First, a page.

Looking to get rid of unwanted wood pallets and packaging? Remove scrap pallets or crating material quickly with a little planning
Some manufacturing plants, warehouses, terminals and retail outlets experience problems with the accumulation of unwanted pallets. Reasons includ:
- The facility is only waiting for a critical mass to develop before calling in a pallet or wood recycler to take them away.
- The facility called the recycler six weeks ago, but he hasn’t shown up.
- The operations manager is trying to postpone the expense of sending them to the landfill.
- Local landfills have banned wood from the landfill and operators are still searching for options.
- A trading partner has started sending a particular new pallet that the receiving manager hasn’t figured out what to do with as of yet
- The local used pallet supplier is no longer interested in hauling your old pallet cores away or is not interested in some of your wood scrap.
For any and all of the situations listed above, there are options available to help you get rid of those unwanted pallets. Options worth your while to explore, include the following:
Pallet and Packaging Retrieval and Reuse Talk to the shipper about empty pallet or crate removal, and the potential for a reuse system. Perhaps there is an opportunity for the shipper to have the pallets picked up for refurbishment and reuse. A quality upgrade may be required, as well as a redesign of the unit load to include a reusable sleeve pack or foldable bulk bins solution, for example.
Pallet Rental Again, if distances or other reverse logistics challenges make a packaging return program impractical or a distraction from core activities, discuss with the shipper the possibility of using a pooling approach for pallets or other reusable packaging systems.
Flow Through Think about pallet flow-through as an option. Is it possible that your supplier can send goods to you on a pallet that you can reuse to ship your product?
Value Added “Buy Under Load” Another option for introducing durable pallets is through a value-added “buy under load” arrangement. This approach can be useful for a company looking to build a fleet of high-quality pallets, with part of that cost absorbed by the inbound shipper as an alternative to the product supplier buying a cheaper pallet or paying for pallet rental. For example, a beverage manufacturer buys durable pallets and then sells them to the distributor under load at a rate discounted (use an example of $7) to cover the initial use by the manufacturer. In this way, the receiving company can help build its inventory of durable pallets at a cheaper cost than absorbing the entire purchase price.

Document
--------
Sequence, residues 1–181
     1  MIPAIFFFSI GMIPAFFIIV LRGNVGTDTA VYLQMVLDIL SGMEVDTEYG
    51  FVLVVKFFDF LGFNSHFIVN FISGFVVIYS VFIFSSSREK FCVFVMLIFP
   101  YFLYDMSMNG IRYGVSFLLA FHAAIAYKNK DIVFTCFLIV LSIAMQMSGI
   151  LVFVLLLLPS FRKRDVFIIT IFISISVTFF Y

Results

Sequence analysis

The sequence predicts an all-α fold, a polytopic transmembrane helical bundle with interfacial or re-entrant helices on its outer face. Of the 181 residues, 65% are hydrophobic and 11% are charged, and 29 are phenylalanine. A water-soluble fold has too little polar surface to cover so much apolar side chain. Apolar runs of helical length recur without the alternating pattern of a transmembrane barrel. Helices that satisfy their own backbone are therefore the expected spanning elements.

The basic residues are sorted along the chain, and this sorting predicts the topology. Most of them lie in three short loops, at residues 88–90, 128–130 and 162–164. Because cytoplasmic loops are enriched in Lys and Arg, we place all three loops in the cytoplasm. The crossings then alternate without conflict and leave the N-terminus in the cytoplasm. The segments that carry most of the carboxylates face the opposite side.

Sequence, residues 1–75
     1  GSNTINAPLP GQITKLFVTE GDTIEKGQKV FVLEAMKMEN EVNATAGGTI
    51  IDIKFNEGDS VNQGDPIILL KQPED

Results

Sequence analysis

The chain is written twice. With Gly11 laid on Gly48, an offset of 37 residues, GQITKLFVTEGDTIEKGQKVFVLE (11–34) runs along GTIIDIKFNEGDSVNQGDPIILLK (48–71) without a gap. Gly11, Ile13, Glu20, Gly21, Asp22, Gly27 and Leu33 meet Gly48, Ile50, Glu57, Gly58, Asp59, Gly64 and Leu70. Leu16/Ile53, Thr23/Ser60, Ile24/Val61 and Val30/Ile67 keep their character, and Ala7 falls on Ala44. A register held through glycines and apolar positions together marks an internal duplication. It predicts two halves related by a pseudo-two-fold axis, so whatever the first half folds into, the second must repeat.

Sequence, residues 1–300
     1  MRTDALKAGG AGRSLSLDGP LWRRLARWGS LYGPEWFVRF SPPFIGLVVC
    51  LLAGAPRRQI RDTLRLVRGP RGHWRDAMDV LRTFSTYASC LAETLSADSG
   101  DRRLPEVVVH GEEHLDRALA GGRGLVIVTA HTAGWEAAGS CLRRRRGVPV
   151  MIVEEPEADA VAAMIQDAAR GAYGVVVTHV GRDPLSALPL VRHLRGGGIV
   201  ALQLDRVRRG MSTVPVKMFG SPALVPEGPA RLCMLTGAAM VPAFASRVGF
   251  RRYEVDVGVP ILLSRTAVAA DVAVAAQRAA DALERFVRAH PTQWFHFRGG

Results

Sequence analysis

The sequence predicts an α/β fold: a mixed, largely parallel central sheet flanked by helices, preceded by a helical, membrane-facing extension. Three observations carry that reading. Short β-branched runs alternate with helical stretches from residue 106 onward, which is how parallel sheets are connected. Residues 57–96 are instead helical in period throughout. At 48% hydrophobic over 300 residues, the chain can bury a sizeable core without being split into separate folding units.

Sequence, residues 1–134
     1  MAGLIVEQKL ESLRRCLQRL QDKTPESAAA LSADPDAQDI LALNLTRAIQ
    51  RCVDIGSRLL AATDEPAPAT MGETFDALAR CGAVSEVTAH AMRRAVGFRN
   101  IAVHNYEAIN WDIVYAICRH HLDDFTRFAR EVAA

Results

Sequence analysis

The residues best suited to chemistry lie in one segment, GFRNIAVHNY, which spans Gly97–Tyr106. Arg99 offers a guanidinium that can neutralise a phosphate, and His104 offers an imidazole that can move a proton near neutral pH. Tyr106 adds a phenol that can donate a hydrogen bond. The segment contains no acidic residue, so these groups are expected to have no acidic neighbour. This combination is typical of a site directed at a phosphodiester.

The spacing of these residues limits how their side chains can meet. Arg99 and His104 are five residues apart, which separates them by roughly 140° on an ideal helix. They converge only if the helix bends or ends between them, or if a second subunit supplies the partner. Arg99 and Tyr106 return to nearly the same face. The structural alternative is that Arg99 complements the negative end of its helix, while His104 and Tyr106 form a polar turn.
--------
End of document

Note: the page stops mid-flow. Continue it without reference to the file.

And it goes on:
Dock Sweep Talk to local pallet recyclers if you haven’t already. If you are accumulating pallets and they are of a marketable size, a local pallet recycler might be willing to take them away, and in some cases, pay you for them. As part of the deal, pallet recyclers increasingly offer additional services such as hauling away unsaleable used pallets, and wood packaging material. They may also be interested in pulling your old corrugated cardboard (OCC) and baled stretch or shrink wrap as part of a dock sweep program. The attraction of doing this with a single provider is that instead of tying up multiple dock doors for different materials, or having to move trailers in and out from the dock, one trailer can be filled with the range of old pallets, OCC and baled plastic.
Some dock sweeps allow for rapid removal from your dock one stack at a time as they develop, making them ideally suited to lean operations while other approaches may require accumulation of truckload quantities. When considerable accumulation is necessary, it is important to pay attention to proper stacking and organization, so that the accumulating material does not get interfere with operations. Take care when stacking broken pallets. Exercise caution to abide by fire regulations regarding stacking patterns, fire breaks, access, etc. In lean facilities, for example, signage can communicate stacking patterns, and lines painted on the floor can signal when to call the recycler for pickup.
Easy to Recycle Paper or Plastic Pallets Where reuse or dock sweep prospects are weak, lightweight pallets made of plastic or corrugated paper offer easy-to-recycle solutions. IKEA is the leading example of this approach. The retailer switched to cardboard pallets with an eye to eliminating the storage and reverse logistics challenges associated with wood pallets. Some companies also request the use of lightweight plastic pallets, which they can have readily recycled.
With a little creativity, there are some ways to free your facility or parking lot from unwanted pallets and packaging debris. What’s your approach?